To think that a school cannot impose restrictions on what parents can do during the school day?(317 Posts)
A friend of mine was telling me about something that has happened at the school where her DCs go. Several times in the past few months, parents have gone out for the day to places over an hour away, to meet friends or go shopping or whatever, and their child has been ill at school, so they've been called and been over an hour getting to the school to pick up their child.
The parents have all apparently had a letter now stating that a parent must be within half an hour of the school at all times during the school day, and that they recommend that at least one parent works locally!
Am I alone in thinking this is bonkers and unfair, not to mention dictatorial!
morethanpotatoprints How would any child miss out on 'an education' in the situation where another sick child was fetched after 60 minutes rather 30, or where a seriously injured or unwell child had to be accompanied to hospital? It would never be your child's class teacher doing it, so how would your child miss any lesson time, much less a 'an education'?
nooka Exactly. I did know our neighbours, but for different reasons were all people who could't be named as a contact. My son goes to an after school club at the nursery where he's gone for several years. He knows everyone there, but if he was ill, they wouldn't be able to take him either. We do have someone who could fetch him after school or in the evening from after school club if neither his dad or I could get there by when they closed (that has happened once).
There are times when I wonder if this era of "contactability" is a good thing or not
Outing myself as an oldie When I was young in the 60s not everyone had even a landline phone, even though there were lots of SAHMs and mobile phones didn't exist
So if a child was ill, the school would have either had to send someone to the house
unlikely or cope.
My mum went to Uni as soon as my younger db went to school. She most definitely would not have been able to be contacted during the day - even if the school were to contact the Uni, she might not have been in a tutorial or lecture, as she could have been at the library or en route to or from Uni.
Funnily enough, we survived and received a good education
things have improved since the good old days! I would much rather be contactable than not. I dread to think how much distress my three year old would have been in, had I not rushed straight to nursery when she split her chin open, passed out, and needed taking to hospital for stitches. It happened first thing in the morning and had I been unreachable, she'd have been driven there by a teacher she barely knew, and spent the next 6 hours sobbing in a corner on her own waiting for me.
Sometimes the 'good old days' weren't so good.
Depends how far away you are, autumn-they might have sent someone to fetch you.
When I was ill once at primary school, a teacher took me home.
I haven't read all the pages on this thread, so apologies if I've missed something, but I would say this is more and more prevalent. My DS has HFA so some (but not statemented) SN / additional needs. The only way I could get the school ALLOCATED to us to take my son was to gaurentee that I would always be 5 MINUTES of collecting him from school. As and when they needed me to.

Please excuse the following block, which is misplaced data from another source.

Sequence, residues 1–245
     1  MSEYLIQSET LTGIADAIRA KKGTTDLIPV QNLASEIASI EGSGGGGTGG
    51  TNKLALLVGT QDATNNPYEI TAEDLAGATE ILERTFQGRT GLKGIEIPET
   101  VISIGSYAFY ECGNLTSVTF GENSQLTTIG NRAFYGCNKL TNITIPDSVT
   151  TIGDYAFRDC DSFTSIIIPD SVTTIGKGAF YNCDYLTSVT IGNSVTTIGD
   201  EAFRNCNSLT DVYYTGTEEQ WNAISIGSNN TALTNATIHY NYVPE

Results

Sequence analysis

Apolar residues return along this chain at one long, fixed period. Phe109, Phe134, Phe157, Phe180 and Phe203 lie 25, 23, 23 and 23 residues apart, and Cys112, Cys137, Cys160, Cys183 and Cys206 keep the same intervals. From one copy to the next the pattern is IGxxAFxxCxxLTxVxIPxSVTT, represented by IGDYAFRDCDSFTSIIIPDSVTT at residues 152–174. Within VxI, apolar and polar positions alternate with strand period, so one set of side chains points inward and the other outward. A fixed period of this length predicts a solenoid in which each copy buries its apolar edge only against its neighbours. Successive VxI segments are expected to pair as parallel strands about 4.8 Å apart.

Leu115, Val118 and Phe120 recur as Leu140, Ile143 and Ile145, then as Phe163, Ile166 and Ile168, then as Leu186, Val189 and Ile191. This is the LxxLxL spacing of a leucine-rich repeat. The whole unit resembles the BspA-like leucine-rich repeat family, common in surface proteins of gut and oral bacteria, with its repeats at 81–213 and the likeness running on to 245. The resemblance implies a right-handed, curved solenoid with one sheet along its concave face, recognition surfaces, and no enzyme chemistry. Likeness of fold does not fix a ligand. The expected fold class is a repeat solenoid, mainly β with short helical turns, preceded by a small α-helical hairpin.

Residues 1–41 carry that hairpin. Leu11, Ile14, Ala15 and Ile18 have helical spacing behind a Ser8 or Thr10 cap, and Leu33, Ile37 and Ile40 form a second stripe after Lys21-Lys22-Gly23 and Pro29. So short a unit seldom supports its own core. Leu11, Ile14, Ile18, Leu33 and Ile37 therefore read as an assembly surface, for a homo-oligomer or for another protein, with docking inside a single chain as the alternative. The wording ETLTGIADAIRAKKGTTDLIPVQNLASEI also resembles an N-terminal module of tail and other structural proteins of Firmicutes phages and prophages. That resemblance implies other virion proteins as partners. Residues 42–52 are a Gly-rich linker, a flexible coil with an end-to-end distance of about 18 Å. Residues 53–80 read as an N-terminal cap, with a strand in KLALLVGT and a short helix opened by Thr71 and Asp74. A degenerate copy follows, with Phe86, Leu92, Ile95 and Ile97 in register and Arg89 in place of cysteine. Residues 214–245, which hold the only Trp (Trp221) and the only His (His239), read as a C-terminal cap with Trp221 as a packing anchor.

His last day at school was Wednesday. I dropped him off at 8:58. They called me at 9:03 and when I didn't pick up that call, I got a text telling me to pick him up immediately. And that he would sit, alone, in reception until I got there. The text says he is ill, the VM I got does not, just that he didn't want to be at school.
He is supposed to go again tomorrow. I think we all know how that will go.
Trouble is, the schools are over subscribed and under funded.
If you think having a NT child in a state school is hard, try having one with non statemented SN.
But, OP - YANBU
There are only teachers and TAs available in school if they are attending to a sick child, as some have voiced they should do, who do you suppose would be teaching the children?
I've just realised this is 100% barking as it means that half the families at the school must have two working cars AT all times!!???
Mines off to be serviced tomorrow. Primary (3miles) is ~ 40 mins walk at least, 20+ min on a bike. No way would a sick DD want to walk home.
No buses and the sort of rural area where I could be 30+ minutes on the phone finding a cab that's prepared to come out here.
Heaven knows how long one would take to get here.
Secondary school is 5+ miles and no way would I walk it or cycle it (very long hills).
Lots of the pupils live way further away still, especially the sixth formers, who's local schools are 11-16.
There are only teachers and TAs available in school
So no head teacher, deputy head, welfare officers, school secretaries, teachers with free periods and other staff then?
If a child has to be accompanied to hospital in a real emergency, who goes with them will be gone in all likelihood for a reasonable amount of time, regardless of whether parents take 10, 30 minutes or 60 minutes to reach hospital. God forbid this happens to a child in my son's class. Under those circumstances, given that the situation is probably extremely rare and traumatic for everyone, I don't think his entire education is going to be ruined for the sake of an hour or even half a day, even if it was his teacher who went with the child. I really wouldn't feel right begrudging that very small amount of time time while another child was being rushed into hospital.
How frequently does a child take ill in your child's class where you know the teacher has to care for that child that you think the half an hour difference between 30 minutes and 60 minutes would ruin her entire education?